Like Odysseus, the Ift warrior Ayyar spends much of Victory on Janus in long, eventful journeying.
For 48 pages — nearly 20 percent — of Andre Norton’s 1966 science fiction novel, Ayyar is probing deeper and deeper into the stronghold of the immensely powerful, unseen being, known by the Ift, the people of Janus, as THAT WHICH ABIDES, or IT.
Despite surviving many trials, including an Ift femme fatale named Vallylle, the warrior penetrates very close but not close enough, coming up against a dense jagged mass of metal blocking his way.
His return trek, much more difficult, takes up another 21 pages, and, later, with help, his second attempt, this time successful, is covered in another 51 pages.
In all, about half of Victory on Janus involves descriptions of Ayyar’s travels.
I mention this because, it seems to me, Norton’s stories rarely, if ever, feature so many long treks on foot.
Ayyar is on a quest, and it’s a quest for which he gains aid from another immensely but obscurely powerful being known as the Mirror of Thanth, a constructed lake that somehow has a mind of its own. He’s also helped by Illylle, the Sower of the Seed.
Ayyar and Illylle are Ift — but they’re not.
They were born human, he as Naill Renfro who arrived on Janus as a slave laborer and she as Ashla Himmer, the daughter of one of the religious-based farmers, called the Sky People.
As Norton’s previous book Judgment on Janus details, Naill and Ashla, who lived on different farms, called garths, found beautiful artifacts of the Ift, contracted the Green Sick and were thrown out of their human communities into the forest. That’s where they met.
That’s also where they realized that the Green Sick had turned their skin green and their bodies into Ift bodies. It also gave them each a new identify, rooted in the memories and knowledge of an Ift person who had lived a long time earlier.
The striking thing about this is that this new identity is grafted onto their original human identity. So each can operate, as needed, with the human or the Ift side predominating.
This is very much like the experience that any immigrant goes through. However, this sort of transformation, to my knowledge, isn’t a common topic in science fiction. It’s a testament to Norton’s imagination that she could envision such a hybrid.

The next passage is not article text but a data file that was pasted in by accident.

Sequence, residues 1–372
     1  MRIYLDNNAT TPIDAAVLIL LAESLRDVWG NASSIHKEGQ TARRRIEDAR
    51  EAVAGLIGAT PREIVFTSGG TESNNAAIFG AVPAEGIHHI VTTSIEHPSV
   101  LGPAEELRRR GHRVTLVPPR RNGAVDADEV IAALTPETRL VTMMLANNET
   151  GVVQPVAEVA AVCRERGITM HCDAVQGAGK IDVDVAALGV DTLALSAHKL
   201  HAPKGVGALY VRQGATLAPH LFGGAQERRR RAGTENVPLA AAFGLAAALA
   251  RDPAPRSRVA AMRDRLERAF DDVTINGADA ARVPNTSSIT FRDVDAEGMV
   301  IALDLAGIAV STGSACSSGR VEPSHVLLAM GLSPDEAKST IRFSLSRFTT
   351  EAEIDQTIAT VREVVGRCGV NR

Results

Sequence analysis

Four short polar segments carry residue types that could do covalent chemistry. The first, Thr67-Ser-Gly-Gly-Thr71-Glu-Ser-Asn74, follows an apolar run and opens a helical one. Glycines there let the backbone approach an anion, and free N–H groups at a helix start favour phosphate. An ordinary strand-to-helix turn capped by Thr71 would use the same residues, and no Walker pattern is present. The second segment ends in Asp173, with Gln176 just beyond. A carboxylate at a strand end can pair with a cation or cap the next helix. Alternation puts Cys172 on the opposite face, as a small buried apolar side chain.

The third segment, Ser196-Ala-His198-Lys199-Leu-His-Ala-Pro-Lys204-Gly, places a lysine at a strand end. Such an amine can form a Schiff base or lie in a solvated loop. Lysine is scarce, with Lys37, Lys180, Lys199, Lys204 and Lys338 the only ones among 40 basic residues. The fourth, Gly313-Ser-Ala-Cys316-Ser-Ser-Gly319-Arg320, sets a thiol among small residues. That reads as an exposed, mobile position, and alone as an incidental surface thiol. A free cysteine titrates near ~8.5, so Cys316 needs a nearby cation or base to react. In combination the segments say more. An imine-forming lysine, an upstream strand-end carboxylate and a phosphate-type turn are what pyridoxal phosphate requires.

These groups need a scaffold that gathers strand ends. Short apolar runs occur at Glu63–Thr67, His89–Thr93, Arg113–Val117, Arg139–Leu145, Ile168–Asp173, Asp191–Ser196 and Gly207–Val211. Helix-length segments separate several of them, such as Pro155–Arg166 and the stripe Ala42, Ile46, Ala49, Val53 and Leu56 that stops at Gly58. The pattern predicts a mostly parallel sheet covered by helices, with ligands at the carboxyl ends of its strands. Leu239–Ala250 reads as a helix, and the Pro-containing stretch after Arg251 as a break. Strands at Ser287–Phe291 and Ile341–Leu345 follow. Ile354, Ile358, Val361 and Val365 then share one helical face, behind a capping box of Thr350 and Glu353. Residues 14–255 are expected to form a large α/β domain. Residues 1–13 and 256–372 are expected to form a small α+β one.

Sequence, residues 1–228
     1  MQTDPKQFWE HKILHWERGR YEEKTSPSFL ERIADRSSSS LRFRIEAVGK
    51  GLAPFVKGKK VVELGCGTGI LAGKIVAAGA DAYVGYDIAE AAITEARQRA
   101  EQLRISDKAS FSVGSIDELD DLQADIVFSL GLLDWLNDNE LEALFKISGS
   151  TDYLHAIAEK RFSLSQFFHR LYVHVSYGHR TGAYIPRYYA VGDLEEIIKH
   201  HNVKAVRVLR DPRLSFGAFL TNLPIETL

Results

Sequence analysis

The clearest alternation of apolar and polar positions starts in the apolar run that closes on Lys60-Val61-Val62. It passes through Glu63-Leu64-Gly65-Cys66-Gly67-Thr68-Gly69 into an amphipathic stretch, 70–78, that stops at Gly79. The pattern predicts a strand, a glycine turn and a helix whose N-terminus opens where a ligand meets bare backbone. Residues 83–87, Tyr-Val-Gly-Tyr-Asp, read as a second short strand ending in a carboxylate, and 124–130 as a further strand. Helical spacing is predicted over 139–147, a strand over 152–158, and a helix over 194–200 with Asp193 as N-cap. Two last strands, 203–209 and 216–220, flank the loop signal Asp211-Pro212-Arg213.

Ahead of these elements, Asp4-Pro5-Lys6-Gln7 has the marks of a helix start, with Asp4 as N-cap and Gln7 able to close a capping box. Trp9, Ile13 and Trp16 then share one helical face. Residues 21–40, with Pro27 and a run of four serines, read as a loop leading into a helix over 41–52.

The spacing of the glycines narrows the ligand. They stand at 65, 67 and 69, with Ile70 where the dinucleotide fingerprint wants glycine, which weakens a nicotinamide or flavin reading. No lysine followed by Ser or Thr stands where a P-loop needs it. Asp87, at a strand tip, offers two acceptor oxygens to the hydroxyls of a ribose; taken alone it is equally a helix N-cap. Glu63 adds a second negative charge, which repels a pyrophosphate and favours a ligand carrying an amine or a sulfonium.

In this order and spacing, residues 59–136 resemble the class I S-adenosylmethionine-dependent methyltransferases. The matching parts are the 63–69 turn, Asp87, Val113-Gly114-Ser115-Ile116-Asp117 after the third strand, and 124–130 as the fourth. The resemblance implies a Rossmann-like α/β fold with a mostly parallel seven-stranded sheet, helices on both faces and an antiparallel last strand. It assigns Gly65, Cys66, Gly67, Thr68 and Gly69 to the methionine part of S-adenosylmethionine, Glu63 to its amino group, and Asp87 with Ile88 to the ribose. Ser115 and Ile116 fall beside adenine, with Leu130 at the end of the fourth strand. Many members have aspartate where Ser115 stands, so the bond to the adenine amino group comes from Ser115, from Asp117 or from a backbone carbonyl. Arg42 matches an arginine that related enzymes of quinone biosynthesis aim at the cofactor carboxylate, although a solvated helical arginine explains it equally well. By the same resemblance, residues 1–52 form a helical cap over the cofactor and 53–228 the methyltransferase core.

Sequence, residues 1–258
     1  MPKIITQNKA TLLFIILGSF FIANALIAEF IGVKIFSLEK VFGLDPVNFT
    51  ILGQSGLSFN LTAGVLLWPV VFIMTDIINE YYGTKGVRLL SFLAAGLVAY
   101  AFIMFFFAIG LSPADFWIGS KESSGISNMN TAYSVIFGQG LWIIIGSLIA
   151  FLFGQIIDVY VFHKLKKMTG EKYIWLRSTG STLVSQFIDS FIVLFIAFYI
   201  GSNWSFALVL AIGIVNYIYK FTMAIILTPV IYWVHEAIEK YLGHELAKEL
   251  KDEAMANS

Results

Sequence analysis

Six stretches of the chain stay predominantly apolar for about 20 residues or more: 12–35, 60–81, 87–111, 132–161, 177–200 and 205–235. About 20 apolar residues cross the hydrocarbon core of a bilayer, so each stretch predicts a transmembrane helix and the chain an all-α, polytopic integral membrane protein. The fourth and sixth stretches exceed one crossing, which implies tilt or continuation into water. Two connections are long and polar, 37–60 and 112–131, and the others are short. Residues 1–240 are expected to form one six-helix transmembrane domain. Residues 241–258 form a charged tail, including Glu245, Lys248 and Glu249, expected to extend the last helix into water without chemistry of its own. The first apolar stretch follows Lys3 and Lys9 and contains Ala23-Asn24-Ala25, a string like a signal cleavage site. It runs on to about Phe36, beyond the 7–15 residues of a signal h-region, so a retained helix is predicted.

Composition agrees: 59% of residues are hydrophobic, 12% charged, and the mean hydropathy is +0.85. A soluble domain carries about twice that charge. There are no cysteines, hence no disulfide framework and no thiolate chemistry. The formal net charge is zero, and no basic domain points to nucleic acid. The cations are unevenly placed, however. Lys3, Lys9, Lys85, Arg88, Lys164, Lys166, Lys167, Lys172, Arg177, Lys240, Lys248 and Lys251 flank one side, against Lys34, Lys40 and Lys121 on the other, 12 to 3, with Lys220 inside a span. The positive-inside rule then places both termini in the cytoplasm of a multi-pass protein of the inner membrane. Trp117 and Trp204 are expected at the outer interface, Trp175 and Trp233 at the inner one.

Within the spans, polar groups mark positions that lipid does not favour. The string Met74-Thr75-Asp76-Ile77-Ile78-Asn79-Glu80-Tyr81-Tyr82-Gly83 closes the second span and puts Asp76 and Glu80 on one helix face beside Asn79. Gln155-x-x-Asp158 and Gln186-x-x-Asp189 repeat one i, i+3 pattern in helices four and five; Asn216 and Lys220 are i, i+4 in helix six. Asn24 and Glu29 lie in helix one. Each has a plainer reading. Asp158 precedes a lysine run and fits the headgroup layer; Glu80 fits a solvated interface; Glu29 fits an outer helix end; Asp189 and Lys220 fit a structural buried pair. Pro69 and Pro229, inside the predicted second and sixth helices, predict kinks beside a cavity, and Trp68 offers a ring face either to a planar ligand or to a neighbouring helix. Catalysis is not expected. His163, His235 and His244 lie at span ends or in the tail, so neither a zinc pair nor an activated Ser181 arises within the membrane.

Much of the first book involved Ayyar and Illylle figuring out who their new selves were and how to keep from being transformed in another way into one of the minions of THAT WHICH ABIDES.
They also discover that they are among perhaps 100 other humans who have been turned into Ifts by the Green Sick and are working to survive and rebuild the race.
Victory on Janus opens about six months later when the tiny Ift community realizes that they are under attack by the forces of THAT WHICH ABIDES which include empty animated space suits, robot Ifts and mesmerized humans.
There is something that IT is doing to these mesmerized people which involves locking them into mirrors and/or putting them into individual vats. I have to admit that I didn’t quite understand what Norton was describing — or, in the end, what she was explaining. There are a lot of complexities in Victory on Janus that confused me although I found Ayyar’s odysseys to be fun reading.
The final pages of the book reveal a secret that’s a nice twist on science fiction stories.
I don’t want to give it away, but I think I can say that the image, at the very end, of Janus losing a whole big chunk of land out into space was interesting to contemplate.
Patrick T. Reardon